Are We Obliged to Enhance for Moral Perfection?

Research output: Contribution to journalArticleScientificpeer-review

Abstract

In recent years a number of philosophers have discussed whether we have a duty to morally enhance ourselves through biomedical means if the opportunity were available. This paper investigates the possible limits of such a duty through investigating the related question of whether it would be desirable to create a world populated entirely with morally perfect people. I will argue that we have reason to be grateful that we do not live in a world in which everyone is morally perfect, which should serve as a limitation on attempts to morally improve people through the use of technology. I will also argue that the less ambitious forms of moral enhancement currently being explored in the literature give us no reason to worry about preventing valuable non-moral ways of life. Rather, they might serve as an aid to help people fulfill valuable non-moral goals in a way that is morally permissible.
Original languageEnglish
JournalJournal of Medicine and Philosophy
Volume43
Issue number5
DOIs
Publication statusPublished - 2018

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Perfection
Philosopher
Enhancement
Way of Life

Keywords

  • moral enhancement
  • moral philosophy
  • moral obligation
  • bioenhancement
  • Supererogation

Cite this

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title = "Are We Obliged to Enhance for Moral Perfection?",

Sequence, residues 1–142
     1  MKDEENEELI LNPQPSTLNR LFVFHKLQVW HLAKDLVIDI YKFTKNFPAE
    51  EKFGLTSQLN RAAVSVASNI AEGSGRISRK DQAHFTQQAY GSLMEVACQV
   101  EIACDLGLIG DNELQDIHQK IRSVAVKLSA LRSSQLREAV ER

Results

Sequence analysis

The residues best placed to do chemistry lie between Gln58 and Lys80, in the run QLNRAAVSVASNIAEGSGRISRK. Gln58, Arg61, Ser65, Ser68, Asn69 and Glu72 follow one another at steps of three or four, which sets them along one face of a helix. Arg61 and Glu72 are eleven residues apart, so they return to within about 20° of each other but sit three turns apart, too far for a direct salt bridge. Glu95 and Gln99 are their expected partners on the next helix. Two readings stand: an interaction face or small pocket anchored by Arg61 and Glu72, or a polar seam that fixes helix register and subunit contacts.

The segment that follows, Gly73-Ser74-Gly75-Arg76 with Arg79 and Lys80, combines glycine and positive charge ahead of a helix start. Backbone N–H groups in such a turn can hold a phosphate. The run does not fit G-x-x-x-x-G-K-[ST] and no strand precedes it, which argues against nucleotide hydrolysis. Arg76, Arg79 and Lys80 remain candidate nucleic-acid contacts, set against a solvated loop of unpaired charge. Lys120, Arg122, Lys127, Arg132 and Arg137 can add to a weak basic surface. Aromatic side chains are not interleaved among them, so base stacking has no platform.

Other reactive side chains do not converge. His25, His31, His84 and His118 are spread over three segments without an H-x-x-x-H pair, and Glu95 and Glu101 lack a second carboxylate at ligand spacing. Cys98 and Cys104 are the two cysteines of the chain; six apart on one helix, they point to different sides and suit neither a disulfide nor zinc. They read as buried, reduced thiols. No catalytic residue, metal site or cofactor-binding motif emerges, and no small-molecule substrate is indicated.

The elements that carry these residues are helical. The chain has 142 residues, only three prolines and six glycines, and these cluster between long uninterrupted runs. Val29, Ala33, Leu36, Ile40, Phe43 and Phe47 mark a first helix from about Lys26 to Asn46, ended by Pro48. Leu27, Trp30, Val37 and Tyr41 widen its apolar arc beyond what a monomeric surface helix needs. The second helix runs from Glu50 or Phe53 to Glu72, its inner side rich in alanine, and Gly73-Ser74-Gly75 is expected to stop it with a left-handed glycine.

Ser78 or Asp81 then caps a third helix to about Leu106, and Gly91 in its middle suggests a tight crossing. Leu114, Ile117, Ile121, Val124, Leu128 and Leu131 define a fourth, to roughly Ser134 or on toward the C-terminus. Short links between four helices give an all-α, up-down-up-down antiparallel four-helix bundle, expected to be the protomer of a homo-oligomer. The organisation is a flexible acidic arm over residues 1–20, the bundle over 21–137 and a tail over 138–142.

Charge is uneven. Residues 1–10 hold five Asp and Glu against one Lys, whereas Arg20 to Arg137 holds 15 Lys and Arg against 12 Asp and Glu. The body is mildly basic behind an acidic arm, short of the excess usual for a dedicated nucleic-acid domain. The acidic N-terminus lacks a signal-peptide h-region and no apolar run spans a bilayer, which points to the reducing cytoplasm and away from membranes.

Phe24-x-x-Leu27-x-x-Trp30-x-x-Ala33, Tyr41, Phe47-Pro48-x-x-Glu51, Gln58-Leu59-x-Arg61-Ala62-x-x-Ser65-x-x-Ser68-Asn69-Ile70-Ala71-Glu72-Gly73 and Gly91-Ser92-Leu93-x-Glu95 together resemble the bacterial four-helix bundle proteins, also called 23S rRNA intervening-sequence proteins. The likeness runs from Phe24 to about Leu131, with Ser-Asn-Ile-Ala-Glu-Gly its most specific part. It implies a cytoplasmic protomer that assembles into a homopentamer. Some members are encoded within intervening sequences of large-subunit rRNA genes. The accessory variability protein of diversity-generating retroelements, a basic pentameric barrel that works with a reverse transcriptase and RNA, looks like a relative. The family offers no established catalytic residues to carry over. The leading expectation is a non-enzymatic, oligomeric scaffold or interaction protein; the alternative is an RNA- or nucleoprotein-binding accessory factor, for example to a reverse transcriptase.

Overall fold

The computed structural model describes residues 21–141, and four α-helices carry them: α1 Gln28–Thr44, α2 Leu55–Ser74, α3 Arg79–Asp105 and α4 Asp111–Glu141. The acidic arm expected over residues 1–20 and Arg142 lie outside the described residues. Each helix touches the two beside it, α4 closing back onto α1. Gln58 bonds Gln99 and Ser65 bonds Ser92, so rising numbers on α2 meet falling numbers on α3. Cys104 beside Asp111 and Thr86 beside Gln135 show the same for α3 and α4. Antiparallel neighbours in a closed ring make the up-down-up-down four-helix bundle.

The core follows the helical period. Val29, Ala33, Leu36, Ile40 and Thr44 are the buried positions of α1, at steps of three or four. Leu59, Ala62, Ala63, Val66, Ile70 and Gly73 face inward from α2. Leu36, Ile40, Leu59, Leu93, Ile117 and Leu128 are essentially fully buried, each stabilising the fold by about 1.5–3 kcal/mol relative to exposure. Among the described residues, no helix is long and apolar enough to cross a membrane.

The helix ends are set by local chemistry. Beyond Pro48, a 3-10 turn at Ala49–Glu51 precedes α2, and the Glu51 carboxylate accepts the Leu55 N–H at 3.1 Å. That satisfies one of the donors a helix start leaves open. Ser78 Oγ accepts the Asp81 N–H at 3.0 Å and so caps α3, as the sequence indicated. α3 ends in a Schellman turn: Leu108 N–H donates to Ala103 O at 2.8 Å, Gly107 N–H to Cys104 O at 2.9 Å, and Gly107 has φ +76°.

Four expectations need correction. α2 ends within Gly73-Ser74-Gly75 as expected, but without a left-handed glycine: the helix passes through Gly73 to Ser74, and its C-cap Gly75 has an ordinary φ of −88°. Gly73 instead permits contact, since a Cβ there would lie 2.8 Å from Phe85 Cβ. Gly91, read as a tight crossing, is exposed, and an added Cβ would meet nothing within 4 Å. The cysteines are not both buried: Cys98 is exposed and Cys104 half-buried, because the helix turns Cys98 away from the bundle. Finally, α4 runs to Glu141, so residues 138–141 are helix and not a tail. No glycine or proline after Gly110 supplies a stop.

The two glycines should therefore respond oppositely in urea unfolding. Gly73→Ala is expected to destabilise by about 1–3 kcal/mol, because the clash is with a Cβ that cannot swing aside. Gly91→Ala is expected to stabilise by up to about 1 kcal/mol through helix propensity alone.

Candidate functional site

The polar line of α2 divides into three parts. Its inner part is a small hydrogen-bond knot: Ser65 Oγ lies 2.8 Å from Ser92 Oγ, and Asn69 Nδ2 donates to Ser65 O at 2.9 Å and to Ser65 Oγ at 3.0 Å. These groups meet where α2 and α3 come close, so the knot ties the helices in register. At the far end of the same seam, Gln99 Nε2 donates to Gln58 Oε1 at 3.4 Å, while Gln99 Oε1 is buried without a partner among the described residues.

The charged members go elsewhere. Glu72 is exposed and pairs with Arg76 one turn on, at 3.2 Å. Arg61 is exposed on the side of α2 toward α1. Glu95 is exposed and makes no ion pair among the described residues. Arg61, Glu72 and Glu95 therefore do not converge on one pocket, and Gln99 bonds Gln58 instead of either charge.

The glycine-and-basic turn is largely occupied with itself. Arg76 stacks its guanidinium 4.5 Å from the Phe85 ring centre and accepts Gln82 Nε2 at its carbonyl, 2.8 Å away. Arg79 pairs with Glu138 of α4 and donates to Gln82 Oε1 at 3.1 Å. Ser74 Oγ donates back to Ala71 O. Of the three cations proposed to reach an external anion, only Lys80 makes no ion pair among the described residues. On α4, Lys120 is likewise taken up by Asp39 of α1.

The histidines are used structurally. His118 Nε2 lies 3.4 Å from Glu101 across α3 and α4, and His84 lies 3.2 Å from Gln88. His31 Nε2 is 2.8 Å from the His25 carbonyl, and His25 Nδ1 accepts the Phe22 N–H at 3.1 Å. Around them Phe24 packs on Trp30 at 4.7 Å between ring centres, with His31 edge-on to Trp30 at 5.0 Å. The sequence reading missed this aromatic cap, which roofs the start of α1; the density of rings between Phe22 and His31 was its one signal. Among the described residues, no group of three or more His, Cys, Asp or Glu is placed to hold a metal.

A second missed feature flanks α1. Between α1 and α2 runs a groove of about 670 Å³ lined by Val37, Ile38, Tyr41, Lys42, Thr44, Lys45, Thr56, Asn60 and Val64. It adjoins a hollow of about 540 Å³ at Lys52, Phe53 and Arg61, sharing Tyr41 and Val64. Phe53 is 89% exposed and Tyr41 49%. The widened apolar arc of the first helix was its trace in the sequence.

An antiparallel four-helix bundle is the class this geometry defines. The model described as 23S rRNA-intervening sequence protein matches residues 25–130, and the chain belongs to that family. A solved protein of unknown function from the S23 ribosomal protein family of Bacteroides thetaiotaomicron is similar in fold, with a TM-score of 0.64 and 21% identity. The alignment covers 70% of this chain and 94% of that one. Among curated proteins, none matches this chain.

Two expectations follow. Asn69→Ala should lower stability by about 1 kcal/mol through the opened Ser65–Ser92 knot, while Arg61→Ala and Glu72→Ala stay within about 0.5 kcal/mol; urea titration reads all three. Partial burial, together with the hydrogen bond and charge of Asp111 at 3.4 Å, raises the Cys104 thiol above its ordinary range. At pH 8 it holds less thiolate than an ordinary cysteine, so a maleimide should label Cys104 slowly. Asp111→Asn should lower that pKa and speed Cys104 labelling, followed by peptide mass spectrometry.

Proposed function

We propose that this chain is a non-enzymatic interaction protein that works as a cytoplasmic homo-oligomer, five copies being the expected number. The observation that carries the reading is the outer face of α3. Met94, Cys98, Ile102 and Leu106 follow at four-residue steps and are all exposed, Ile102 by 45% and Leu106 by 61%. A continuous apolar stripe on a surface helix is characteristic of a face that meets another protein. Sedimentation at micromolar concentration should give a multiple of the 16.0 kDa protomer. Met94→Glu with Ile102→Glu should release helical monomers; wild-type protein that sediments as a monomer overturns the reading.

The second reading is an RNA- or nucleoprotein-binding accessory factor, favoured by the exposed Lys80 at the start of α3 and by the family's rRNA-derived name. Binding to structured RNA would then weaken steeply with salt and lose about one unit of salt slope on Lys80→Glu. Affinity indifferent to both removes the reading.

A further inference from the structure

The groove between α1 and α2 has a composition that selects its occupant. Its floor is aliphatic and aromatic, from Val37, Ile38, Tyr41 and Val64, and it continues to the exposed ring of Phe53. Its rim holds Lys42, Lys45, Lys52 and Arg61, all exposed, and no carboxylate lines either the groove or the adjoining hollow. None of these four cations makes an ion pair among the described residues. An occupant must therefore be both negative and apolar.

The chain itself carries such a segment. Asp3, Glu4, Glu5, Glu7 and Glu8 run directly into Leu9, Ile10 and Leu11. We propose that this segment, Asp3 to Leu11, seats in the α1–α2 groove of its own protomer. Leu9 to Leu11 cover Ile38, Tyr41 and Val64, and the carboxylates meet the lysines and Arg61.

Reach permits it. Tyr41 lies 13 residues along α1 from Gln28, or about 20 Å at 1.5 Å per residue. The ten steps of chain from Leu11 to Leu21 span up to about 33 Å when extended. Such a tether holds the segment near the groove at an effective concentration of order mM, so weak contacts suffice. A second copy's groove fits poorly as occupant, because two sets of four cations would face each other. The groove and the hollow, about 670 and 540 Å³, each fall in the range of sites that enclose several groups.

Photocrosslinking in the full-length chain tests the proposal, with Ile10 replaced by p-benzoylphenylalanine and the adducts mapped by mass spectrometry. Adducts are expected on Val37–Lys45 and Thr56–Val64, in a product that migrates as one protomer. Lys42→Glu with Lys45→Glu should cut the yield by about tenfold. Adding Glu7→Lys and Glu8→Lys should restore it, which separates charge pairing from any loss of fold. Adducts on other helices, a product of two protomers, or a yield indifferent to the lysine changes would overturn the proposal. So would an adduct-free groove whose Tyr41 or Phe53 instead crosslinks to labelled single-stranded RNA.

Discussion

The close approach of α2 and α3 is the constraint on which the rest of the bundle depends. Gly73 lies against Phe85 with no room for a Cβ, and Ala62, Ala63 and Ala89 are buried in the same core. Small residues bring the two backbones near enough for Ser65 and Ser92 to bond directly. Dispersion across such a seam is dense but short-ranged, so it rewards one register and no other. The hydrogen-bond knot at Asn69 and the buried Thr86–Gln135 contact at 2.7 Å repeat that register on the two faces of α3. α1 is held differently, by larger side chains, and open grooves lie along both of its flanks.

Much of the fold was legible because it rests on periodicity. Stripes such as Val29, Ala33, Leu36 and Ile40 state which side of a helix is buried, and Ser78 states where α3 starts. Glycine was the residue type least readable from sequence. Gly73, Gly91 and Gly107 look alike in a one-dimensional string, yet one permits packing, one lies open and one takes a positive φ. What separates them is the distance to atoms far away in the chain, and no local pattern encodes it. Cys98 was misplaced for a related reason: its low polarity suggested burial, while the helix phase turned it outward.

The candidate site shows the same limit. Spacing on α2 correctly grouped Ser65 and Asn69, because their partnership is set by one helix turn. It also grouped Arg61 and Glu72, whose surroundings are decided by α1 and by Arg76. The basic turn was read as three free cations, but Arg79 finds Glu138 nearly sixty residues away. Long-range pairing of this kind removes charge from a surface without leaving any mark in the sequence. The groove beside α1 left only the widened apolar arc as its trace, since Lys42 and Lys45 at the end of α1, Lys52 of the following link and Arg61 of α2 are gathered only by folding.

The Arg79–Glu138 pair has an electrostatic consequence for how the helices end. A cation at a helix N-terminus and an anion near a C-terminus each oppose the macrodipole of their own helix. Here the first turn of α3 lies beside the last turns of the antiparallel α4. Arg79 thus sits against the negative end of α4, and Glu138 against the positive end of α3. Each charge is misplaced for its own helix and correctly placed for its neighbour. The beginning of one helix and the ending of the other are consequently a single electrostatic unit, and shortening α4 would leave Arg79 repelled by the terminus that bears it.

abstract = "In recent years a number of philosophers have discussed whether we have a duty to morally enhance ourselves through biomedical means if the opportunity were available. This paper investigates the possible limits of such a duty through investigating the related question of whether it would be desirable to create a world populated entirely with morally perfect people. I will argue that we have reason to be grateful that we do not live in a world in which everyone is morally perfect, which should serve as a limitation on attempts to morally improve people through the use of technology. I will also argue that the less ambitious forms of moral enhancement currently being explored in the literature give us no reason to worry about preventing valuable non-moral ways of life. Rather, they might serve as an aid to help people fulfill valuable non-moral goals in a way that is morally permissible.",
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author = "Alfred Archer",
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Are We Obliged to Enhance for Moral Perfection? / Archer, Alfred.

In: Journal of Medicine and Philosophy, Vol. 43, No. 5, 2018.

Research output: Contribution to journalArticleScientificpeer-review

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AB - In recent years a number of philosophers have discussed whether we have a duty to morally enhance ourselves through biomedical means if the opportunity were available. This paper investigates the possible limits of such a duty through investigating the related question of whether it would be desirable to create a world populated entirely with morally perfect people. I will argue that we have reason to be grateful that we do not live in a world in which everyone is morally perfect, which should serve as a limitation on attempts to morally improve people through the use of technology. I will also argue that the less ambitious forms of moral enhancement currently being explored in the literature give us no reason to worry about preventing valuable non-moral ways of life. Rather, they might serve as an aid to help people fulfill valuable non-moral goals in a way that is morally permissible.

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